# Is it possible to reduce the Miller's plateau voltage?

Consider the following circuit:

Image source: Simplified Clamped Inductive Switching Model - Figure 3 from "Fundamentals of MOSFET and IGBT Gate Drive Circuits by Texas Instruments"

I would like to improve the turn on speed of a MOSFET/IGBT. To do this, I think about reducing the Miller's plateau voltage in order to have a higher voltage between the driver (output high) and Vgs in order to charge Ciss more rapidly. And so reducing the Miller's plateau time.

However I do not know if it is possible to reduce the Miller's plateau voltage. The Miller's plateau begins when the drain voltage begins to decrease, i.e. when the diode stop conducting. So how to stop the conduction of the diode faster? A diode with low reverse recovery time would be the solution? Did I make a mistake? Is this wrong? Have you other recommendations/advice? More generally, is this a good idea to reduce the Miller's plateau?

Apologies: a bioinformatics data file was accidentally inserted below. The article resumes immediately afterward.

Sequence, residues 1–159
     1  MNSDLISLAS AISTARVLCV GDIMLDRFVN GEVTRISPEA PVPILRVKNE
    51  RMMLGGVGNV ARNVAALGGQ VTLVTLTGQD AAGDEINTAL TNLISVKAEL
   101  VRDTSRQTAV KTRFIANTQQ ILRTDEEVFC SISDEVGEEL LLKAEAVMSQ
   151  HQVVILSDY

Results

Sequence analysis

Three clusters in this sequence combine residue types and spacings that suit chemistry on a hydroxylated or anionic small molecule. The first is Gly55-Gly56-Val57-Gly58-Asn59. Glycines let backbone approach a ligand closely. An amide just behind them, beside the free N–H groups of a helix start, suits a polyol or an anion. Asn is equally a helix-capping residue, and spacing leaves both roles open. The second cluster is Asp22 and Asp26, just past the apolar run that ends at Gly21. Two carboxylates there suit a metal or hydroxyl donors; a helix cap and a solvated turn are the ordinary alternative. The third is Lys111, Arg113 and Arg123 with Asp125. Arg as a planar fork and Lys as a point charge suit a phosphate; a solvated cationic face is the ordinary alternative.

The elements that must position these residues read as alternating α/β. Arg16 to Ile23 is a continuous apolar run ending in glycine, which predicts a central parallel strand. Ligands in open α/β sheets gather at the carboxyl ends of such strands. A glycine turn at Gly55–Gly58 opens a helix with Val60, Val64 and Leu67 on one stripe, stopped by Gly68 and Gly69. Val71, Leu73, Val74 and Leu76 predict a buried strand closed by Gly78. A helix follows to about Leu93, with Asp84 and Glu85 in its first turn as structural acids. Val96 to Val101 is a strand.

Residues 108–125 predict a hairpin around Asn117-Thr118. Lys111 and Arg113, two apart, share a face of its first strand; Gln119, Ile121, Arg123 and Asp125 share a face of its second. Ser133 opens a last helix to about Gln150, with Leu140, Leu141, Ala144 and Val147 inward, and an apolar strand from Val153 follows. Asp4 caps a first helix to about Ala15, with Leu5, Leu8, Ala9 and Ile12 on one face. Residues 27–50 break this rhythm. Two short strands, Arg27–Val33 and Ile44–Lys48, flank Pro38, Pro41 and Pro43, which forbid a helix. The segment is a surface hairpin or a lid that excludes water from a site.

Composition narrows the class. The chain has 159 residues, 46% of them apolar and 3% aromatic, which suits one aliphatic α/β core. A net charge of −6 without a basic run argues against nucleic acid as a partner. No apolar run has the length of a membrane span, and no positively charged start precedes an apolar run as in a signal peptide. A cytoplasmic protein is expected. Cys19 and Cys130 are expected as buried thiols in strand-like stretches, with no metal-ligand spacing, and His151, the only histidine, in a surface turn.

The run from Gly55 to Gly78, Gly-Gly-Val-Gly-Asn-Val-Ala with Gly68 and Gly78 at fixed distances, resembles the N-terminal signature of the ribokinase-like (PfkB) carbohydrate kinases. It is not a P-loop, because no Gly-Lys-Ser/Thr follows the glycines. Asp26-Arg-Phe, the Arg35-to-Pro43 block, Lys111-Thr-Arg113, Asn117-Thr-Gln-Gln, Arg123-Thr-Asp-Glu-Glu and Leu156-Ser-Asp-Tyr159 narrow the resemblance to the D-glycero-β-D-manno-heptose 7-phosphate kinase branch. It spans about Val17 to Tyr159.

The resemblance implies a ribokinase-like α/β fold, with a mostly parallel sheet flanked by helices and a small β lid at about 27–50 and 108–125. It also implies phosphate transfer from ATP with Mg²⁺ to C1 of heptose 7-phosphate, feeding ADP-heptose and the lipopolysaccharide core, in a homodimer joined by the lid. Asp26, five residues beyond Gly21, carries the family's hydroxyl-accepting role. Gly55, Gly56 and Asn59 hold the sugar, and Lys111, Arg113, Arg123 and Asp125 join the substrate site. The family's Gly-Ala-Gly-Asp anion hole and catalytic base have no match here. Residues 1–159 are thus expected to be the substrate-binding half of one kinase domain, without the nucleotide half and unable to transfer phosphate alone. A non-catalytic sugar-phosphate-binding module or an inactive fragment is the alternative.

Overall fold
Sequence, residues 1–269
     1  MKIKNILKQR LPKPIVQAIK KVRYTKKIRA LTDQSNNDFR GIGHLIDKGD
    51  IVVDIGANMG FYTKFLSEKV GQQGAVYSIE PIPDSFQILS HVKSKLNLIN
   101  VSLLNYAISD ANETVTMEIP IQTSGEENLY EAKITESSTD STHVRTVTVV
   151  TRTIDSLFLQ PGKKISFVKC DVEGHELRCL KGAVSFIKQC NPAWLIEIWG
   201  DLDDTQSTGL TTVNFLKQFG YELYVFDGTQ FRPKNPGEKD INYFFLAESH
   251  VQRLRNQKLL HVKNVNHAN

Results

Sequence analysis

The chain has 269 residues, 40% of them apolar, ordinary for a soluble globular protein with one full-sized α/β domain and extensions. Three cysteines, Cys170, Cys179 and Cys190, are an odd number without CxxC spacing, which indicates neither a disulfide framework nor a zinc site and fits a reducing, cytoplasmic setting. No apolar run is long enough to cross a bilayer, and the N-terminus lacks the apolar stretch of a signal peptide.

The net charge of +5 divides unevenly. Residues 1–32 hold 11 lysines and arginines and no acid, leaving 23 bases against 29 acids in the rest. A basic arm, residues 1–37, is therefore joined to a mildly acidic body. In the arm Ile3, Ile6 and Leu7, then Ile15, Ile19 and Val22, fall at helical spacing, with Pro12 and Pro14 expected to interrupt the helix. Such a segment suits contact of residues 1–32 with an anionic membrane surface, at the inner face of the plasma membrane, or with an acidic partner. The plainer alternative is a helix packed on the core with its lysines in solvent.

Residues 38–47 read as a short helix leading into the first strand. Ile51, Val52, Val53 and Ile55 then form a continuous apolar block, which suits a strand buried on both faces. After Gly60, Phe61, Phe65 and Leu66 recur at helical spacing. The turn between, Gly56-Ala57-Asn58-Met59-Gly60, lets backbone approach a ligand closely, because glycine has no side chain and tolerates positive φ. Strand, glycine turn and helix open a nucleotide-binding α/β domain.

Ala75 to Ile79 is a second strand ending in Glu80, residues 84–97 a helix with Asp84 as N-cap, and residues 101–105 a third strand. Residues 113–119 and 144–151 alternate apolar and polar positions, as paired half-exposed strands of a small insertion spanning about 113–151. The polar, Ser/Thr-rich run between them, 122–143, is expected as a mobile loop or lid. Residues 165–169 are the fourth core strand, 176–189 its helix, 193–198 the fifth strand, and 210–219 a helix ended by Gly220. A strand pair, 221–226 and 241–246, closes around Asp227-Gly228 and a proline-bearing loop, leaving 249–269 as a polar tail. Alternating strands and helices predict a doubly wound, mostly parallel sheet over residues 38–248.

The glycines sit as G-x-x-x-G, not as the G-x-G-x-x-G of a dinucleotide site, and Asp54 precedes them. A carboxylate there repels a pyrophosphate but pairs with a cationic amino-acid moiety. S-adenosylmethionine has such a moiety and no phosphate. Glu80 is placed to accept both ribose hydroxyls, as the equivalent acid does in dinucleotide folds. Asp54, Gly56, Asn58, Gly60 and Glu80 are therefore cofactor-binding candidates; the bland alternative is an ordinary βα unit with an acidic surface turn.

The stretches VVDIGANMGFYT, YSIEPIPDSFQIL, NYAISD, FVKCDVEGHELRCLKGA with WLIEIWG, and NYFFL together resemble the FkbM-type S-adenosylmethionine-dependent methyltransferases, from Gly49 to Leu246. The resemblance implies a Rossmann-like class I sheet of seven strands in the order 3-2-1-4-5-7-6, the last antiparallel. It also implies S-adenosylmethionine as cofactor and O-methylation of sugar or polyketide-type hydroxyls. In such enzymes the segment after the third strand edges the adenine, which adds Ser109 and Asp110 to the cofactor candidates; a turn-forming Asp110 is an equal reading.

• But the plateau voltage is not constant and it will depend on the drain current. – G36 Jan 1 at 16:34
• Isn't the plateau voltage essentially equal to the threshold voltage? I.e., the point at which the charge in the channel begins to increase sharply, requiring a corresponding increase in gate charge. – Dave Tweed Jan 1 at 17:01
• Thank you for your answers. The plateau voltage is theoritically constant in function of the time and is nearly constant in practice. It may depends on the drain current as the drain current is equal to the inductance current (source current) and the reverse recovery time depends on it. The miller pleateau is not equal to the thresold voltage. More informations can be found in the document "Fundamentals of MOSFET and IGBT gate drive circuit" written by TI – Jess Jan 1 at 17:49